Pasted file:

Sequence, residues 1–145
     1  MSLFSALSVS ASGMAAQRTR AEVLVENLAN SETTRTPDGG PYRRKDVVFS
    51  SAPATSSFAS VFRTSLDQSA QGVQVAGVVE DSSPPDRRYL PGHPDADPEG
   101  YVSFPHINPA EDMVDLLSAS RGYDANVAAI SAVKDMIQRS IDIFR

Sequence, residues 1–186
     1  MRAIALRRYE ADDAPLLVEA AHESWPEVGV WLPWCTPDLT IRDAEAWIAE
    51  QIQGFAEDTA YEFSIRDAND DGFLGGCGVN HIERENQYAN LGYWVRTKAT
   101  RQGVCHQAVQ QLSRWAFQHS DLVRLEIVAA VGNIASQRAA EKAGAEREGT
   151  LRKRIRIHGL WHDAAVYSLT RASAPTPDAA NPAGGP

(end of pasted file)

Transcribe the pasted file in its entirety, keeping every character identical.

Sequence, residues 1–145
     1  MSLFSALSVS ASGMAAQRTR AEVLVENLAN SETTRTPDGG PYRRKDVVFS
    51  SAPATSSFAS VFRTSLDQSA QGVQVAGVVE DSSPPDRRYL PGHPDADPEG
   101  YVSFPHINPA EDMVDLLSAS RGYDANVAAI SAVKDMIQRS IDIFR

Sequence, residues 1–186
     1  MRAIALRRYE ADDAPLLVEA AHESWPEVGV WLPWCTPDLT IRDAEAWIAE
    51  QIQGFAEDTA YEFSIRDAND DGFLGGCGVN HIERENQYAN LGYWVRTKAT
   101  RQGVCHQAVQ QLSRWAFQHS DLVRLEIVAA VGNIASQRAA EKAGAEREGT
   151  LRKRIRIHGL WHDAAVYSLT RASAPTPDAA NPAGGP